rate 3. Kingdom of Thailand
rate 4. Thailand Gulf of
rate 5. Gulf of Siam;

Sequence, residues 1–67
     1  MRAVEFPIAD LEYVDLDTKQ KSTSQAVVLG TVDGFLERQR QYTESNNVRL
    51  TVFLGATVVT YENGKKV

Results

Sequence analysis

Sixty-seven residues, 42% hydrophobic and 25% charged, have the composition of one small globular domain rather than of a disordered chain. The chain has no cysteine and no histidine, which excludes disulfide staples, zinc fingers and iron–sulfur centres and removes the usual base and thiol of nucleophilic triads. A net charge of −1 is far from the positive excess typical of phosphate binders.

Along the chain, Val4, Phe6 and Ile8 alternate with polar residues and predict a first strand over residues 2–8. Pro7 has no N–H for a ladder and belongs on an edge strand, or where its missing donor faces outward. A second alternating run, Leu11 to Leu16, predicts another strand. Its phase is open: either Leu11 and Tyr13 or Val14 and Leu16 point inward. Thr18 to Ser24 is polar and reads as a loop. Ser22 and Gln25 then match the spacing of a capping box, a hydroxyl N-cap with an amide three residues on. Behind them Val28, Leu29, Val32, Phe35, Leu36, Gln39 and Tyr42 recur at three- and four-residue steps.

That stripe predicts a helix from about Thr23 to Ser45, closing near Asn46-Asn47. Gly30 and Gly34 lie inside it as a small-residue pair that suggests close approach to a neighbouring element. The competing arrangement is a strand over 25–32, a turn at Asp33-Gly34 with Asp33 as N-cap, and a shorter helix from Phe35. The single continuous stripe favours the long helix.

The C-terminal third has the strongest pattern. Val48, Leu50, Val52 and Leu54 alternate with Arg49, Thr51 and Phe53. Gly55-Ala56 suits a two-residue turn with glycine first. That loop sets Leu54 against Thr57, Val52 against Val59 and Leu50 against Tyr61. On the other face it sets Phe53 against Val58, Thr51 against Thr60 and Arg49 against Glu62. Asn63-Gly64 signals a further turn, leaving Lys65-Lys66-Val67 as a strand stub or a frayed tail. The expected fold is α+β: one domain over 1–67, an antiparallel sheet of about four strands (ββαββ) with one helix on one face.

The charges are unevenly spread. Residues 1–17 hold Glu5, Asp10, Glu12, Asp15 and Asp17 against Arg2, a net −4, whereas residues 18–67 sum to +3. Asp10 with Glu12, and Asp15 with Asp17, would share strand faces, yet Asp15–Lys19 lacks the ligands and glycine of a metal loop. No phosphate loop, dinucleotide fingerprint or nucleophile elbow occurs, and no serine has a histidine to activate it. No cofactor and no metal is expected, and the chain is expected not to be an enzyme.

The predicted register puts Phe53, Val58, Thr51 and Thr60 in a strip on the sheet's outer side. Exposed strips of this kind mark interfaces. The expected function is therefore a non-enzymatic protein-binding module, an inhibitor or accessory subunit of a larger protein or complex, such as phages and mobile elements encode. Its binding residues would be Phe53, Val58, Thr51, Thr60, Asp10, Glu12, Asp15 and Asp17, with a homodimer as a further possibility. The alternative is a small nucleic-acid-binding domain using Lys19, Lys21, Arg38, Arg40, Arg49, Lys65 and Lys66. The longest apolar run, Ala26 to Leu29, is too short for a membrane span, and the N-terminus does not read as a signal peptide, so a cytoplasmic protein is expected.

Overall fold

rate 6. formerly Gulf of Siam; Inlet of the South China Sea. Mostly bordering Thailand, though Cambodia and Vietnam form its southeastern shore, it is 300–350 mi (500–560 km) wide and 450 mi (725 km) long. Thailand's main harbours lie along its shores, its waters are important fishing grounds and beaches along its coast are popular tourist attractions.